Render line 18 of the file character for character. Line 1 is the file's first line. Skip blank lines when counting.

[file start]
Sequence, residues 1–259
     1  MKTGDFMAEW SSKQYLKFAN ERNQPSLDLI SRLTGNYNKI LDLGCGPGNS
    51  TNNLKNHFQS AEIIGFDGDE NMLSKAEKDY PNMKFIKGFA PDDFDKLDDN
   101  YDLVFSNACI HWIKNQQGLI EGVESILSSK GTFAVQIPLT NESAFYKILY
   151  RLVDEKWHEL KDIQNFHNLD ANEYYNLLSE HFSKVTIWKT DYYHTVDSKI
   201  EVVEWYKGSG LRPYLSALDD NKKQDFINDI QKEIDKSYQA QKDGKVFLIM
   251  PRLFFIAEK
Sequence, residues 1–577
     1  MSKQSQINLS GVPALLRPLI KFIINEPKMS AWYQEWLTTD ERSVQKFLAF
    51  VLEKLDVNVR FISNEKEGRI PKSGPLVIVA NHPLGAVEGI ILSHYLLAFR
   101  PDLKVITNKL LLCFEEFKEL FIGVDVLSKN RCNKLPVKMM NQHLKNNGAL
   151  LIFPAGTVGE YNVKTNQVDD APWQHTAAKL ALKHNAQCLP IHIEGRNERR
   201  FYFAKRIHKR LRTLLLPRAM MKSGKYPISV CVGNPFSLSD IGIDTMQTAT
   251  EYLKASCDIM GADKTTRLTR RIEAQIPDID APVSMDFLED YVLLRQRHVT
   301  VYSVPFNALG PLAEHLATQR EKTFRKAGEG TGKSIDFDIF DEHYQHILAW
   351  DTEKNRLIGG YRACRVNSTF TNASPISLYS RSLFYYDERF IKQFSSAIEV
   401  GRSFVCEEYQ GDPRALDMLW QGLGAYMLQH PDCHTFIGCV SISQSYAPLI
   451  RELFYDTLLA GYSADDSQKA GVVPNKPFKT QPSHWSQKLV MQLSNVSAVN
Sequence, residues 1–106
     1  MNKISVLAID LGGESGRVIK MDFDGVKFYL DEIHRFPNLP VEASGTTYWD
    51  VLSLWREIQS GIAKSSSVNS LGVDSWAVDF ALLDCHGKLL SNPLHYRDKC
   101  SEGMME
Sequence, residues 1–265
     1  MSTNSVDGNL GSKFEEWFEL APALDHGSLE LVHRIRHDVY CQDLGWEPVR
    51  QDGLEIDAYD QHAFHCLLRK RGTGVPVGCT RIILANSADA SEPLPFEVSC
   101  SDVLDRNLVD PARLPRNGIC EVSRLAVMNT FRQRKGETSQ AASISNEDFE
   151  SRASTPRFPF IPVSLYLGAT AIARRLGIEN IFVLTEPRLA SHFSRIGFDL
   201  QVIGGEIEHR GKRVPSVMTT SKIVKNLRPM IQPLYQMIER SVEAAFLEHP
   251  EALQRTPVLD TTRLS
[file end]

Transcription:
   451  RELFYDTLLA GYSADDSQKA GVVPNKPFKT QPSHWSQKLV MQLSNVSAVN